New York Times
I’m in Kyiv, and It Is Terrifying
Veronika Melkozerova – February 25, 2022
KYIV, Ukraine — On Thursday, I woke up at dawn to the sound of blasts. I jumped out of bed, puzzled. Maybe it was a dream? But then I heard another loud blast, and then another one. Kyiv was shaking. I reached for my phone and read that President Vladimir Putin of Russia had ordered his army to attack Ukraine. They had started bombarding us.
My internet went down, and I felt fear crawling in my guts. I had never felt this way before. It was as if someone, maybe Mr. Putin himself, had grabbed my heart and squeezed it. This feeling has stayed with me: It is my new permanent condition.
It’s not that the Russian invasion came as a surprise, exactly. We’ve been expecting it, in some form, for weeks, even months. Mr. Putin’s moves earlier this week — recognizing the independence of two regions in eastern Ukraine and sending in troops to both — made plain that war was coming. To Mr. Putin, as he explained in his crazed speech on Monday, Ukraine is not a sovereign state and has no right to exist. It is to be folded up, by force, into Russia’s control.
The tanks and troops pouring into the country are intended to make Mr. Putin’s fantasy a reality. But we in Ukraine know otherwise. Some 43 percent of Ukrainians, according to a recent poll, are ready to fight the Russians — and more than 100,000 have already joined defense units across the country. We will fight, as our foreign minister said on Wednesday, for every inch of our land. Proud citizens of one of Eastern Europe’s democracies, we refuse to be ruled by military diktat.
Mr. Putin claims that he is a liberator, and that Ukraine will profit from the invasion. But even my 76-year-old granny, a typical Soviet babushka who still misses the Soviet Union and its “stability,” thinks he has gone mad.
I called her early on Thursday morning, while most of Kyiv was still sleeping. She sounded puzzled but was fully awake. Another sign of strangeness: A sleepyhead, she usually wakes up well after 10 a.m. “Save yourself, your husband and your dog,” she told me. “I will stay in my apartment. If a Russian missile hits my apartment, well, so be it. I had a long life. I would rather die in my perfectly decorated flat than in some dirty basement.”
I tried to urge her to pack her belongings and documents, but she refused. “I would rather cook some soup,” she said with sad laughter, and ended the call. This was devastating: My granny is everything to me, all the family I have left, and our lives are entwined. Though I’m not planning to leave the city, I want to be prepared if things get very bad. The thought of leaving my grandmother behind is almost too much to bear. To ward off despair, I took my dog, Hans, for a walk. Not even a Russian attack will stop Hans’s need for exercise.
As I stepped onto the street, I saw people everywhere. In the densely populated part of north Kyiv where I live, that’s not that unusual. But the atmosphere was peculiar. Neighbors were hurriedly loading their cars with belongings, while others were standing in lines for the grocery store and cash machine. People were moving fast: Some had huge backpacks and looked like they were going camping. Nobody smiled.
A woman, clearly anguished, stopped me. I recognized her: She was a neighbor and a fellow dog owner. “Can you please tell me what to do?” she asked me. “I don’t know what to do.” My terrier and her boxer started nervously barking at each other. Despite constant warnings from the media and the government that the Kremlin — which built up around 190,000 troops in and near Ukraine since October — was poised to invade, she had not believed Mr. Putin would dare to do it. She hadn’t checked if there was a bomb shelter nearby, she hadn’t stored any food.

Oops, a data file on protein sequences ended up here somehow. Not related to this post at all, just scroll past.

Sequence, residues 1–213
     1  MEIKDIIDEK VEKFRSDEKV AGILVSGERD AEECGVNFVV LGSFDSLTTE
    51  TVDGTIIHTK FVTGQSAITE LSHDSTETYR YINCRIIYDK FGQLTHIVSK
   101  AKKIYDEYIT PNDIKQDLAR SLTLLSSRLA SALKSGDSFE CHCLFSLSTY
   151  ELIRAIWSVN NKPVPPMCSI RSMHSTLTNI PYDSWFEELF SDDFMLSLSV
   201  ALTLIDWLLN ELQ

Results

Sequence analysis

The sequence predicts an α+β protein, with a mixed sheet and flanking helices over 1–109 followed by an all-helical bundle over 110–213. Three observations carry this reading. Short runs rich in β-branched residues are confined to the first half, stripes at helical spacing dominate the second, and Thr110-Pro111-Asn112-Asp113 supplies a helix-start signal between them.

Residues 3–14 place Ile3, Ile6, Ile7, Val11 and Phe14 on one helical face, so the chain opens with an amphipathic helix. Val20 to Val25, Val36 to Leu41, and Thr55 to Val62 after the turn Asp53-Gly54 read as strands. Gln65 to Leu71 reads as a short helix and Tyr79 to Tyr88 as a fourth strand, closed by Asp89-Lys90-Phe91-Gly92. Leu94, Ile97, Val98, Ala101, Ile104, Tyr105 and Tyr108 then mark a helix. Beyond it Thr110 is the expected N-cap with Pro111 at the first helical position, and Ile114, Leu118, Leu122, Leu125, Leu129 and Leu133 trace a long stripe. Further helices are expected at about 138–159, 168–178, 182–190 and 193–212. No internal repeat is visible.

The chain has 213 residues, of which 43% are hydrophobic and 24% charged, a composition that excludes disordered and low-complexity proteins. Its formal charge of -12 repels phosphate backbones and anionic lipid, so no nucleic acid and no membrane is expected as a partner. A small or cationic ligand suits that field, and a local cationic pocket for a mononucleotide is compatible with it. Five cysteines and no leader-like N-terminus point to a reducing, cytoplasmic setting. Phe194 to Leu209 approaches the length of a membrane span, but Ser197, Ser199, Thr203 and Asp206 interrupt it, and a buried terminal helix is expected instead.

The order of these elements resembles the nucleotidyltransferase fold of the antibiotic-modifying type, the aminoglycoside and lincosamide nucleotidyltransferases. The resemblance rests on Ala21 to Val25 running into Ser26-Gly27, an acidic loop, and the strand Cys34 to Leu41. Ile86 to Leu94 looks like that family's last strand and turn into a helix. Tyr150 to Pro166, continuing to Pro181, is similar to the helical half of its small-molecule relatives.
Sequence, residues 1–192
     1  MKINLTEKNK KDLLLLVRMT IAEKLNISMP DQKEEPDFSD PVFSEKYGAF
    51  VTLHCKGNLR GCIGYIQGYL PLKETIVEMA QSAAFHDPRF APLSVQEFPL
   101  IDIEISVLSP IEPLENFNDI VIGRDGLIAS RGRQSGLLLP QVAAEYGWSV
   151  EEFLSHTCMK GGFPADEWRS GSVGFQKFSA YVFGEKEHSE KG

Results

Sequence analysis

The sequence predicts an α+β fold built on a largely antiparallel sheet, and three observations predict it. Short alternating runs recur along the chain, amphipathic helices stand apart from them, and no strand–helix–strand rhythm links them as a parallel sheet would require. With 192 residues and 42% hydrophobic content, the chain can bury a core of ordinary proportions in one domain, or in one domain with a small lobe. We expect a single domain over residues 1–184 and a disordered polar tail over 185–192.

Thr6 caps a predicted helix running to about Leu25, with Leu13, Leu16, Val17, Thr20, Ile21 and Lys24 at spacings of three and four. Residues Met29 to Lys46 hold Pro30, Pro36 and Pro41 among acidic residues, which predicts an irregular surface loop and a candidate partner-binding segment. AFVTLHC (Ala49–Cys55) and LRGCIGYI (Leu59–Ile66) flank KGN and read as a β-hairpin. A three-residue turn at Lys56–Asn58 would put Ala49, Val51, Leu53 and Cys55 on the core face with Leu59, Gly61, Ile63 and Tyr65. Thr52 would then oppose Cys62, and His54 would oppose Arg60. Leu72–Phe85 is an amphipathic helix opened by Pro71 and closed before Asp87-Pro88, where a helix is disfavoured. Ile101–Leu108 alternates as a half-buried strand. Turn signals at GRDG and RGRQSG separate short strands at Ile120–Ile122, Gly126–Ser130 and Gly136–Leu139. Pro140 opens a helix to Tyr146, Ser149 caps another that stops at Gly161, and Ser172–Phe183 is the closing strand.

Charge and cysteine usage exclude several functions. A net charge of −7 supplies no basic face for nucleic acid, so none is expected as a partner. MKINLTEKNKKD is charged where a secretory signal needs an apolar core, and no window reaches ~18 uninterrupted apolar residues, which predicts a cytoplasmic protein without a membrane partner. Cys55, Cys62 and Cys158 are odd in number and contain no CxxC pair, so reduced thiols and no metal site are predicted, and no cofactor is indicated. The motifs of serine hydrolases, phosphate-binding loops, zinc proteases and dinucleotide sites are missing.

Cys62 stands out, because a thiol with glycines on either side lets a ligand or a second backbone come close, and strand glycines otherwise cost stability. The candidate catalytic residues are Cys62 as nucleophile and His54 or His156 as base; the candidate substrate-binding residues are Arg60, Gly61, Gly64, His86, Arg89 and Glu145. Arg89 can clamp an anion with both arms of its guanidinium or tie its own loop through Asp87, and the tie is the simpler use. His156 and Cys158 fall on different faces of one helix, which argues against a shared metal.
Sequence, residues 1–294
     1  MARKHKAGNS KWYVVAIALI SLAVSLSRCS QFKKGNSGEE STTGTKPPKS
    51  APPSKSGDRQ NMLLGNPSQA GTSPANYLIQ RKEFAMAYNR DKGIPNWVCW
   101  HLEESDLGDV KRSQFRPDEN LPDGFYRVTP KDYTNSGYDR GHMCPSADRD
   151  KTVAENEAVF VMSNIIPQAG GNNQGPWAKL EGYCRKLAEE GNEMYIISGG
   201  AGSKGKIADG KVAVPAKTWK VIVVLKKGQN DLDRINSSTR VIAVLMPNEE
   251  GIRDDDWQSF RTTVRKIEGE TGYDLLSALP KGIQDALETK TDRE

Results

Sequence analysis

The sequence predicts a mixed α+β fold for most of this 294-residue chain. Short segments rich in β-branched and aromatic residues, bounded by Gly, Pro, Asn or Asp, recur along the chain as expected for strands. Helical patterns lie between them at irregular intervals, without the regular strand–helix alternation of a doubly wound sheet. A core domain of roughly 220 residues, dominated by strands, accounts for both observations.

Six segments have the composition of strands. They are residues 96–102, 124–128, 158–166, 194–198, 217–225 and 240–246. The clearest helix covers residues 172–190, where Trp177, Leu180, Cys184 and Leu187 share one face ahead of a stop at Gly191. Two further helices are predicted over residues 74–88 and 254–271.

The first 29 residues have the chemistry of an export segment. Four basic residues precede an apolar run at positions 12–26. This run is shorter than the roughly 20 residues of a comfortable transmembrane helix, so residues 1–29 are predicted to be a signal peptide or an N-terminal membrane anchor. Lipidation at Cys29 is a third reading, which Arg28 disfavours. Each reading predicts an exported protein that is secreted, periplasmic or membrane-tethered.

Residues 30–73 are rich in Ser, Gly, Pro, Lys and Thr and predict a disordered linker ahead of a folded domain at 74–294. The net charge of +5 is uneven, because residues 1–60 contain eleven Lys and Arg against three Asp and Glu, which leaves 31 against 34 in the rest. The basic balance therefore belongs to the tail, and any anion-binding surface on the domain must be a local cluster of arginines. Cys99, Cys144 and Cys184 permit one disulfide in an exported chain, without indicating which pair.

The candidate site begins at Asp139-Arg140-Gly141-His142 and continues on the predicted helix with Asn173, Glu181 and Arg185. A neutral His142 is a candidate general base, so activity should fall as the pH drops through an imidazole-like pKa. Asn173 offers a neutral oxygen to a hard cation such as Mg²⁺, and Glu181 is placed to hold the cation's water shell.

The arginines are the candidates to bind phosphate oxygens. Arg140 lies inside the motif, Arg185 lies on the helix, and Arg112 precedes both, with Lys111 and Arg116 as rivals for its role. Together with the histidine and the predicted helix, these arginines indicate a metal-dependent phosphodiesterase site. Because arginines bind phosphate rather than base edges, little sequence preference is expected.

I explained to her, as simply as I could, how to prepare for the invasion. Shelters would be hard to get to with a pet, but she should pack an emergency kit with documents and food. If there’s an airstrike, she should hide in a corridor or the bathroom of her apartment. She seemed to take the information in her stride. “Well, at least we will get to know each other,” she said. “We dog lovers should stick together.”
As I continued my walk, I saw people in all kinds of moods around me. Some of them were arguing while they waited their turn at the gas station. People were driving manically, and cars whizzed through the streets. Whenever there was a loud sound, people looked to the skies, fearing a Russian fighter jet. A young mother stood near her black Jeep, holding her daughter with one hand and talking on the phone. “Yes, mom, we are leaving. We are leaving!” she screamed.
I hurried home and went online, my internet thankfully restored. Russian troops, I read, had breached Ukrainian borders from Crimea and seized several border towns. Russian tanks had come close to Kharkiv, our second largest city. In a town right next to Kyiv, Russian helicopters attacked the local airport. And Russian forces captured Chernobyl, north of the capital. In the first hours of defending the country, more than 40 Ukrainian soldiers were killed and dozens were wounded.
Their sacrifice was true to our country. In this dreadful time, its fortitude, resourcefulness and spirit of resistance will shine through. Ukraine is ours, no matter what Mr. Putin says. I’m 31, born in the year Ukraine became independent: My adult life has been lived in the shadow cast by Russian aggression. First Mr. Putin annexed Crimea, then he fomented the war in the Donbas that has killed more than 14,000 people. Now the battle for Ukraine has come to a climax.
But it’s about more than Ukraine. It’s a contest between democracy and autocracy, freedom and dictatorship, whose implications will scatter across the world. It’s not our fight alone. So please don’t leave us alone to fight it.